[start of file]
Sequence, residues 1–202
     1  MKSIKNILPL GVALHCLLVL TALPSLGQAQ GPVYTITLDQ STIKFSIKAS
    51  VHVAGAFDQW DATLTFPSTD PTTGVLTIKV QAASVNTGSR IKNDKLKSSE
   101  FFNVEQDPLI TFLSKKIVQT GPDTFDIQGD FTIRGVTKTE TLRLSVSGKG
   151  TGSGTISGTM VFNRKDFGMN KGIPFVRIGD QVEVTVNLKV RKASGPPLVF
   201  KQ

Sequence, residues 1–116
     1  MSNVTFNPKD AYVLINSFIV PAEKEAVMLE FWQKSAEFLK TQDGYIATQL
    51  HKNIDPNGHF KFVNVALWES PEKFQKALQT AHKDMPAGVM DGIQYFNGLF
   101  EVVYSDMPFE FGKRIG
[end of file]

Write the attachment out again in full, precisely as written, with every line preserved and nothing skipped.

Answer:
Sequence, residues 1–202
     1  MKSIKNILPL GVALHCLLVL TALPSLGQAQ GPVYTITLDQ STIKFSIKAS
    51  VHVAGAFDQW DATLTFPSTD PTTGVLTIKV QAASVNTGSR IKNDKLKSSE
   101  FFNVEQDPLI TFLSKKIVQT GPDTFDIQGD FTIRGVTKTE TLRLSVSGKG
   151  TGSGTISGTM VFNRKDFGMN KGIPFVRIGD QVEVTVNLKV RKASGPPLVF
   201  KQ

Sequence, residues 1–116
     1  MSNVTFNPKD AYVLINSFIV PAEKEAVMLE FWQKSAEFLK TQDGYIATQL
    51  HKNIDPNGHF KFVNVALWES PEKFQKALQT AHKDMPAGVM DGIQYFNGLF
   101  EVVYSDMPFE FGKRIG